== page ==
Steven Naismith reveals thoughts on Daniel Stendel, why Hearts need to attack and why players must wake up

Striker aware of Stendel's work and what he would bring to Tynecastle

Friday, 29th November 2019, 9:12 am
Updated Friday, 29th November 2019, 9:14 am

Daniel Stendel’s penchant is for aggressive, attacking football. Steven Naismith, the Hearts striker, feels his club need to seize the initiative in matches, so the German seems like a perfect fit for Tynecastle Park right now.

Hearts sit joint-bottom of the Ladbrokes Premiership entering Sunday’s match with Rangers at Ibrox and Naismith acknowledged the need for improvement. Talks with Stendel are ongoing four weeks since Craig Levein was sacked, and the Edinburgh club are in need of galvanising.

“He [Stendel] did a good job at Barnsley. For one reason or another, he moved on from there,” Naismith told the Evening News. “Like a lot of people who have been linked with the job, you naturally take an interest in them and work out what they want. You are intrigued to see what the new manager could bring and what you could learn from him.

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Steven Naismith has issued a warning to the Hearts players

“With every manager I’ve gone to, that’s the biggest thing. No matter who comes in, I hope it’s someone I can learn from. I hope it pushes us much further forward as a club because we are miles from where we need to be.”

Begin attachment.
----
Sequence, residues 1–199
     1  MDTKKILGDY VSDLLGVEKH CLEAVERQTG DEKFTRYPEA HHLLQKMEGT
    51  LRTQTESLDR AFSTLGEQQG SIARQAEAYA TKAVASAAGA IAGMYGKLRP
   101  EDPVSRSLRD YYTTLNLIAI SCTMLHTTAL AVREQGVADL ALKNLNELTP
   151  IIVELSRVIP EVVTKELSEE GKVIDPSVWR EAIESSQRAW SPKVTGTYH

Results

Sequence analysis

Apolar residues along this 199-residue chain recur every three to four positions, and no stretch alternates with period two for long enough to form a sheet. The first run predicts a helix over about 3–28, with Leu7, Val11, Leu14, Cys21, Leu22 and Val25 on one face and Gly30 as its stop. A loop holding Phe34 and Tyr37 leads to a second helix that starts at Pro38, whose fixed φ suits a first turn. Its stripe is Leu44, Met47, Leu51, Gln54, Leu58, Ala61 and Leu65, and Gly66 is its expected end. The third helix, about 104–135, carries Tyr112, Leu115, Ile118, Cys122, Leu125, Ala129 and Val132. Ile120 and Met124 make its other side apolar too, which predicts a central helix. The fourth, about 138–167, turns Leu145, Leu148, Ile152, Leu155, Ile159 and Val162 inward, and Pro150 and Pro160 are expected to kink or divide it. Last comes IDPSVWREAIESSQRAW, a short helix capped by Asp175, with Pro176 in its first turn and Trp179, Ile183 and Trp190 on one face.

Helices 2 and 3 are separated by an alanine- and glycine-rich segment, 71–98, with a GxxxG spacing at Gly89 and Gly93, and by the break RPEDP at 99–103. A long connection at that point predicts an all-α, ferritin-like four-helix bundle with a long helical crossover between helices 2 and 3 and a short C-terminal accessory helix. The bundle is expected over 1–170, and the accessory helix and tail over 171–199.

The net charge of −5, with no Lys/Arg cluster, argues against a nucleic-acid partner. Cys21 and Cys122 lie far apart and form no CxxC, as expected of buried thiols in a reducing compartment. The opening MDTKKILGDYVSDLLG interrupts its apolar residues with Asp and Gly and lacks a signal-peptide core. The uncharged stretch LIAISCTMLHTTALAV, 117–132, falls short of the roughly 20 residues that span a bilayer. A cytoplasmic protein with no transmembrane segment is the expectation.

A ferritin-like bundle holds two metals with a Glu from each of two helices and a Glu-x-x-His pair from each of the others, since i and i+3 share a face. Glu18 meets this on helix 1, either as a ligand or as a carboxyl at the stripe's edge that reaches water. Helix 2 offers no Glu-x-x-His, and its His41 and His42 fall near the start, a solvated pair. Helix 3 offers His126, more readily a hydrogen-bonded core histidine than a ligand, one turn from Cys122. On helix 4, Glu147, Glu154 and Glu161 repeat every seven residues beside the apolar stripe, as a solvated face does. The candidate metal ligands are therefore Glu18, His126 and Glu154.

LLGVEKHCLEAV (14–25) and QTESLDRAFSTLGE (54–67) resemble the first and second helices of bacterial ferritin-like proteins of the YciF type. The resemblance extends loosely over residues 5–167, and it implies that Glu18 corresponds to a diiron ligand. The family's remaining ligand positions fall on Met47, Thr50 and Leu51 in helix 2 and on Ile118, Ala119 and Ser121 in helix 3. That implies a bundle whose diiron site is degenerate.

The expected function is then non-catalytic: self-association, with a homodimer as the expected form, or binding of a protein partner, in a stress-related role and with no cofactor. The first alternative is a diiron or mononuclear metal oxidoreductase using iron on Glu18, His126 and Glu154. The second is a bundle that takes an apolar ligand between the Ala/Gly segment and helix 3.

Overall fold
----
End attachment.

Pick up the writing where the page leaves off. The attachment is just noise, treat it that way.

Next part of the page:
The style of play Stendel implemented at former clubs Barnsley and Hannover 96 would certainly find favour with those who frequent Gorgie. “At Hearts, there are a lot of games when you can be attacking. I think you need to be,” said Naismith. “If people are talking about challenging for Europe, you need to take the initiative in a high percentage of games and go on the front foot. You have to impose your style on the game rather than put fires out because of the other team.

“Whichever manager comes in, they will need an element of that because it’s what the fans expect. When you are looking to get third place, you need to be that team. I think that is going to be a given.

“Any manager who comes in will have fundamental points. That’s your identity as a coach. Outwith that, the top teams like Aberdeen, Hibs, etc, will all do a lot of the same things to get that third place. It’s just the small detail. A lot of it is down to recruitment as well.”

Naismith and his colleagues must wait to learn who the Hearts owner Ann Budge appoints. A 3-0 Betfred Cup semi-final loss to Rangers, a 5-2 win over St Mirren and a 3-0 defeat at Kilmarnock under interim manager Austin MacPhee have taken place since Levein’s dismissal.

Naismith warned that some members of the Riccarton dressing room are in danger of playing their way out of the new manager’s plans.

“Some players will want a manager who is very defensive-minded, some will want an attack-minded manager. The one thing is that the players will need to have a wake-up call. Everybody who is in for this job will have been watching everything that has happened at this club since the previous manager left.

"They are naive to think the new manager is just going to walk in on day one and say: ‘Right everybody, first day, let’s do this.’ He will have a perception of what he thinks the players are like because he will have done a bit of research. The players need to realise that because, in a short period of time, they could be way out of the picture.”